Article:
We all have them: Clients who demand the very best at any cost, with little thought to the burden they place on individuals, not to mention an agency’s collective sanity. Add in soaring expectations, tight timeframes and even tighter budgets, and you can throw any semblance of work-life balance out the window, right?
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For PR managers tasked with teaching millennials to think strategically, the obstacles can seem daunting. Yet successes are occurring, according to interviews with managers and millennial staffers by PR News. In a variation on ‘Physician, heal thyself,’ the advice, broadly, is for senior PR pros to communicate the importance of strategic thinking to millennial staff.
As new visual platforms emerge across digital and social media, B2B communicators are starting to expand their repertoire of narrative skills.
Gathering more talent needs to be offset by a boost in billable hours or profits suffer. That concept has been missing at larger PR firms, according to a new financial benchmarks study conducted by Gould + Partners for PR News.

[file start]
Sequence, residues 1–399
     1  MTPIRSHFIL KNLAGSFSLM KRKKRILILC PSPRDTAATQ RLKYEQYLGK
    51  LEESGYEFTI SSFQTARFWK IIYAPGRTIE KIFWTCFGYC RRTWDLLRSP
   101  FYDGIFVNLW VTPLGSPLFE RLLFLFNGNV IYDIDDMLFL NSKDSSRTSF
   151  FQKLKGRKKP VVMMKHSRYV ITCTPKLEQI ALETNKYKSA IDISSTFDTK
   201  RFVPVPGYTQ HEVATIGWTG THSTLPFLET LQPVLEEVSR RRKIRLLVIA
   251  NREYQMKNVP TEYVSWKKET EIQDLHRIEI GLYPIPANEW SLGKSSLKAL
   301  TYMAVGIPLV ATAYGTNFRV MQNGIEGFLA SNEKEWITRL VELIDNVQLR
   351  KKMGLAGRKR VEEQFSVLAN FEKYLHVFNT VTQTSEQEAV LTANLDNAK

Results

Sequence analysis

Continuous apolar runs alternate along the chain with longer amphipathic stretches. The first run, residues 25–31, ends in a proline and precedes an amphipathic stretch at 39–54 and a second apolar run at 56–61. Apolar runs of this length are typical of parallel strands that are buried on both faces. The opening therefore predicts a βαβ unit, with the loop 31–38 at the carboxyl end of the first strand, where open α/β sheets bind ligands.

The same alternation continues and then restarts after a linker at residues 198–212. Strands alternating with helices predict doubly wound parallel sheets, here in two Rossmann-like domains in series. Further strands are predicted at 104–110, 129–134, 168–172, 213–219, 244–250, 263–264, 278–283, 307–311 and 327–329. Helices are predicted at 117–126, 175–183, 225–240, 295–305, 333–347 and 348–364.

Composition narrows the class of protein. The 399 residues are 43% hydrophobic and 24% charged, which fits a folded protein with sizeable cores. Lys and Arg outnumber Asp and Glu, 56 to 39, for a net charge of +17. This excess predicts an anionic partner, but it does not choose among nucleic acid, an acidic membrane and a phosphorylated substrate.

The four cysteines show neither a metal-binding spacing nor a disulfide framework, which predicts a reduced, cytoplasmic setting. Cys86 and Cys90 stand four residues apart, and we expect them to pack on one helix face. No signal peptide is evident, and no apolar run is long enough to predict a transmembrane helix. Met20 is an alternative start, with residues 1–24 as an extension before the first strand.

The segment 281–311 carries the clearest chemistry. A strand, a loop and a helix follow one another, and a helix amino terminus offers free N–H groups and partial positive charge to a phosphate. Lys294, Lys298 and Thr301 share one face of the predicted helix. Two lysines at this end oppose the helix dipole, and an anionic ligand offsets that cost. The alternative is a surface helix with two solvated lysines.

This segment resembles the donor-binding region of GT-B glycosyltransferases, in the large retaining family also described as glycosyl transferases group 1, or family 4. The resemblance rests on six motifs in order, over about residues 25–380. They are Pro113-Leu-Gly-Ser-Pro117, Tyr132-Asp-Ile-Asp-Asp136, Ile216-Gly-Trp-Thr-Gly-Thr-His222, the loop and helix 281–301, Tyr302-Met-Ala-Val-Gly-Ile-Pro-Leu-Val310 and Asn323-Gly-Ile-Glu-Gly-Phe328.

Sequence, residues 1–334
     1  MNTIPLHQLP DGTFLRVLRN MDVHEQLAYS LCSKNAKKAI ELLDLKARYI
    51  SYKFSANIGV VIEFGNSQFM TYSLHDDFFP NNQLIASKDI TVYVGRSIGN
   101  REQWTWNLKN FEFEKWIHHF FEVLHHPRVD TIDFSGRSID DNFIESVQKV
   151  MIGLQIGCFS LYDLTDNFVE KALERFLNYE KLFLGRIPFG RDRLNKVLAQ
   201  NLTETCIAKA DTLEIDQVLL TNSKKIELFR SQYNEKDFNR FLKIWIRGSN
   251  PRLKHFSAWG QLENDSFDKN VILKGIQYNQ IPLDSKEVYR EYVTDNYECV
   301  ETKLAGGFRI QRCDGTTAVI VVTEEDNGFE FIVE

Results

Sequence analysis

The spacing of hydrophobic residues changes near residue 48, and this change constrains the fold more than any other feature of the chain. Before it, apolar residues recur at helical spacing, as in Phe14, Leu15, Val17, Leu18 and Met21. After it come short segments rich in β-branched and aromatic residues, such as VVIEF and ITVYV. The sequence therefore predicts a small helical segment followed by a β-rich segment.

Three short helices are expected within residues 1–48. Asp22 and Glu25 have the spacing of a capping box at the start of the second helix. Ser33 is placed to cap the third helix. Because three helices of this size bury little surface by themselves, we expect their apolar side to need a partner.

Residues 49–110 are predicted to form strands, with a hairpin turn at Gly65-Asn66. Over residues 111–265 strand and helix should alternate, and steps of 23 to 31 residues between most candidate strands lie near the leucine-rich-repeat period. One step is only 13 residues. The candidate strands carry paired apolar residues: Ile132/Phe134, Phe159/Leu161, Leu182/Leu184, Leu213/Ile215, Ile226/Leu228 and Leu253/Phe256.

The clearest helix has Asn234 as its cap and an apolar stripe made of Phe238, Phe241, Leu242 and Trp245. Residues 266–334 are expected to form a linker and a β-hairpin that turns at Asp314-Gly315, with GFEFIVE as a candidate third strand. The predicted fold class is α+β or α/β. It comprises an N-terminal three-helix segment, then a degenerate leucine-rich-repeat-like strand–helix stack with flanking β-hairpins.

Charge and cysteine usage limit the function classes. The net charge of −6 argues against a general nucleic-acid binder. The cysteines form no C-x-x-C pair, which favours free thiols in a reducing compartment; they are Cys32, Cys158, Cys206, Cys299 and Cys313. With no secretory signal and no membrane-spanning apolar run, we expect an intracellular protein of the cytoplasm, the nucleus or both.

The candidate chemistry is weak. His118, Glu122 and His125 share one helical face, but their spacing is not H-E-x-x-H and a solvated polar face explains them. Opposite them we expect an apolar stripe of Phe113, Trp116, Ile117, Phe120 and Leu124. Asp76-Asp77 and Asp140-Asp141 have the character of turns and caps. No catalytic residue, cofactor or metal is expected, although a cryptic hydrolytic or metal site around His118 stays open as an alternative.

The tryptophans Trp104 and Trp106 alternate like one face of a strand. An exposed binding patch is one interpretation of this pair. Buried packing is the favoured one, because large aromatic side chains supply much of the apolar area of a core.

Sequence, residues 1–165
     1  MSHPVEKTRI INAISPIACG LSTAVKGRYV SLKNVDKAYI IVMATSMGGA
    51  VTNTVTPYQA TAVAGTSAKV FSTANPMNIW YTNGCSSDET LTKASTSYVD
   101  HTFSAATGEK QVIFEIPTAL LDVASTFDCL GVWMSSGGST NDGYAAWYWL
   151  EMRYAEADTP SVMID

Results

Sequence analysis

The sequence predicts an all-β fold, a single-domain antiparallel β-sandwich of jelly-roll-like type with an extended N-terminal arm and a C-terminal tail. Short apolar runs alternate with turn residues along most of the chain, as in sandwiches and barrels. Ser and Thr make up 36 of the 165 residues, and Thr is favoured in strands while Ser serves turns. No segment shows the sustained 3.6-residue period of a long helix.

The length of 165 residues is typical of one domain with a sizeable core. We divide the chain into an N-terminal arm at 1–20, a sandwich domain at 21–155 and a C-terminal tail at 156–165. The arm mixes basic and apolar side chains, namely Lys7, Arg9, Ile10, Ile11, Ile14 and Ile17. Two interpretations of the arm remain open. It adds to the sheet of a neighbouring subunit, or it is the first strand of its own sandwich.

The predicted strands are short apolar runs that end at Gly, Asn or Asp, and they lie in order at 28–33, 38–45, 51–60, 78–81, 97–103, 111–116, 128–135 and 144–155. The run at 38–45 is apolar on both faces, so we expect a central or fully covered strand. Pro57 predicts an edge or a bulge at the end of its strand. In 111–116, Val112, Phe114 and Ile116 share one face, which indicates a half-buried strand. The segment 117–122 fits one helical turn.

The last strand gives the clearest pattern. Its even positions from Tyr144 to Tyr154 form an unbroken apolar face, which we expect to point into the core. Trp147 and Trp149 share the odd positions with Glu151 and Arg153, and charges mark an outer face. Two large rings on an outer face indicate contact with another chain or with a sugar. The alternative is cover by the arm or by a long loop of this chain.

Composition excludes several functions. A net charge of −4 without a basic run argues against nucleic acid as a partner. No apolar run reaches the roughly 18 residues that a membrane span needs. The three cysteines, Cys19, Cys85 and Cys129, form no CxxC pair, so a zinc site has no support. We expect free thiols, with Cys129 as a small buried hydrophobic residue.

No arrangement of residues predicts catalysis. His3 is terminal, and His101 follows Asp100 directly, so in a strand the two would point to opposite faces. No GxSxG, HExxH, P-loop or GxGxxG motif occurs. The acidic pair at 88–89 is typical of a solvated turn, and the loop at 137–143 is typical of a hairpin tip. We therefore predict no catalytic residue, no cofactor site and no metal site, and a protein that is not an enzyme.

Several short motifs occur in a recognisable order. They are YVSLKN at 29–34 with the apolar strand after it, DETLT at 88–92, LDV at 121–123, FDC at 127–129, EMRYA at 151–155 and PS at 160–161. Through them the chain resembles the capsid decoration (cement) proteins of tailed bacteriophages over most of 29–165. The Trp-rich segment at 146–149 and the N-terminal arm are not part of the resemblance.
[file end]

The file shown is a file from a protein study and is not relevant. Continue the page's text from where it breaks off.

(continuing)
We’ve heard more than one communications professional say, partially in jest, that entering PR was a way to to avoid numbers. Yet the digital age has made PR measurement a joking matter no longer. You may be risking career advancement should you continue to shun analytics.
What is the best way to react to negative news? Since many stories fade quickly, is a reaction always warranted? By responding, you run the risk of keeping the story alive and encouraging additional coverage. Still, there are times when a response is necessary to curtail a serious hit to your reputation and/or sales.
In 2013, the American Heart Association|American Stroke Association (AHA/ASA) shifted its focus from PR programs solely supporting the group’s original mission of preventing heart disease, to engaging segments of the population to expand the fight against both heart disease and stroke.